Three Epiphanies about Content-Area Learning

Do you ever feel like with everything you have going on in your life, it can move through time like a freight train, with events, activities, and schedules just coming and going when you don’t stop to take it all in? I certainly do! Sometimes, I make goals for myself to reach a certain point in the year or to complete a set of tasks, only to find that when I get to that point, it’s off I go to the next goal. Not this time!

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Stop and Reflect!

I am just completing another course in my Masters program, and as fast as summer classes go, I have decided to stop and reflect on this one. My point is not to “stop and smell the roses” as I finish another class; rather, I need to stop and think about everything I’ve learned and synthesize it. What did I gain from my time in this class in content-area learning? How can it change my practice for the better? With what I’ve gained since June, how can I apply it for the betterment of my students, especially for those kids who need the most intensive work and encouragement I can give them?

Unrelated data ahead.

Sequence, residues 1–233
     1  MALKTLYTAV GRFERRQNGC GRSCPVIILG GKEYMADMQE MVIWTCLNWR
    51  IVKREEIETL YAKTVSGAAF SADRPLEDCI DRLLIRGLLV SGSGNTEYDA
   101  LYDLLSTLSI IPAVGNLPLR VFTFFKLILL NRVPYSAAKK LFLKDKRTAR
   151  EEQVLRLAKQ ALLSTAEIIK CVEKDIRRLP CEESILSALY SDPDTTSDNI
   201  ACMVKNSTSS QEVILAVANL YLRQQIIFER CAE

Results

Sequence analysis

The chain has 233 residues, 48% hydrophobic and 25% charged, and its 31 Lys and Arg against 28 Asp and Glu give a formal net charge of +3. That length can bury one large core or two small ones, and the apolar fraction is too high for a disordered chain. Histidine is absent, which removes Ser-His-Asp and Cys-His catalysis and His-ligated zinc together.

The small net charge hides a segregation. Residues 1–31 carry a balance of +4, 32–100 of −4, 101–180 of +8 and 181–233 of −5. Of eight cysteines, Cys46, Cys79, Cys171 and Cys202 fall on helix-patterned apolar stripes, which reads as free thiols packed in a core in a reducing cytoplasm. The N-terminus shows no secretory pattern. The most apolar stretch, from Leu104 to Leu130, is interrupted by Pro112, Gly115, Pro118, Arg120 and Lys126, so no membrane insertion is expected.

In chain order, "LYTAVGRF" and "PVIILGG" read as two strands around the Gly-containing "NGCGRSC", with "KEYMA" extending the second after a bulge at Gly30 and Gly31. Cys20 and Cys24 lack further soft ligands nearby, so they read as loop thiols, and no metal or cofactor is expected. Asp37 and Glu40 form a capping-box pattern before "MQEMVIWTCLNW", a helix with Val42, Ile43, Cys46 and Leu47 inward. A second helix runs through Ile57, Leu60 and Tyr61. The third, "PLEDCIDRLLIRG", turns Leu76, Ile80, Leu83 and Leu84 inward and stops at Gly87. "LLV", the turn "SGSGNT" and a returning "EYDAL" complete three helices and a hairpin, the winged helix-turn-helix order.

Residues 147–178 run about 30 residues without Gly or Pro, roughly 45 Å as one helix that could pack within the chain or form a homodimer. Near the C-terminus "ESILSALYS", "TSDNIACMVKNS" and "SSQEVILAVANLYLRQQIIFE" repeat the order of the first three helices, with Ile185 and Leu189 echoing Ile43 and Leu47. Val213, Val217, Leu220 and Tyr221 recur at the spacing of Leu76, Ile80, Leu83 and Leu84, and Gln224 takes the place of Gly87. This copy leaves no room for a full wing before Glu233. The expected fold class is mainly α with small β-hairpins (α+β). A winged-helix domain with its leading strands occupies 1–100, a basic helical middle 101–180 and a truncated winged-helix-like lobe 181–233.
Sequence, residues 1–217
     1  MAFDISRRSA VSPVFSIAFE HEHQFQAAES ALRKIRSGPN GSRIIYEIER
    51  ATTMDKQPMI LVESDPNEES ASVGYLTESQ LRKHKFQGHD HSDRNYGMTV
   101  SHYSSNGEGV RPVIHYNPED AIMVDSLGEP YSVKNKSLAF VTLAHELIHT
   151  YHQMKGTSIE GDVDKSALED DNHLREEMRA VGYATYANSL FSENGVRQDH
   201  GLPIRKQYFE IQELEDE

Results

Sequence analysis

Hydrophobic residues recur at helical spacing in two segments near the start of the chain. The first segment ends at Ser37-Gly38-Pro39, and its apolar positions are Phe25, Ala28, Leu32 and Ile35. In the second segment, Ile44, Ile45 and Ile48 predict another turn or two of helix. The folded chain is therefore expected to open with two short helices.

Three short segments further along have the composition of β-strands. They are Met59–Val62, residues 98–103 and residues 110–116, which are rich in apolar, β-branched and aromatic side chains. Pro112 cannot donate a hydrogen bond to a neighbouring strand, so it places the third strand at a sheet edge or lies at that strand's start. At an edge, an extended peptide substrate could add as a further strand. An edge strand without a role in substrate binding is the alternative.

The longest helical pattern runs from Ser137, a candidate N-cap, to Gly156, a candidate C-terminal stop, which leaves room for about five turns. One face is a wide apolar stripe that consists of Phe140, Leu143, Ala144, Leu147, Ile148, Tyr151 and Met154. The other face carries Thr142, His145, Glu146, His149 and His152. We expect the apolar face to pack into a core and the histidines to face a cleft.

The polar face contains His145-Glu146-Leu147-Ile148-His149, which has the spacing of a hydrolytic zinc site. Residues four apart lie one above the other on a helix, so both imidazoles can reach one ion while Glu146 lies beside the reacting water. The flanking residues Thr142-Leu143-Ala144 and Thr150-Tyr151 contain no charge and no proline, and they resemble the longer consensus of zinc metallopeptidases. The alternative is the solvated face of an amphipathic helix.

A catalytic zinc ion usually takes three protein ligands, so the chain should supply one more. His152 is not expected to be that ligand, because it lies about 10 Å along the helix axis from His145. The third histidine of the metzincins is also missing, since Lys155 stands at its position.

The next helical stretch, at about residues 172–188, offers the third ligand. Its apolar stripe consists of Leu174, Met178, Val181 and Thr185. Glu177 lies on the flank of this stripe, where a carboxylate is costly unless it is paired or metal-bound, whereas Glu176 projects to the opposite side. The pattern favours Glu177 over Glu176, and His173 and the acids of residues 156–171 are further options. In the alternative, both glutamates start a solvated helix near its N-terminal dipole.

Epiphany #1: “We are all math people” (Brown, 2016)

(Brown, 2016)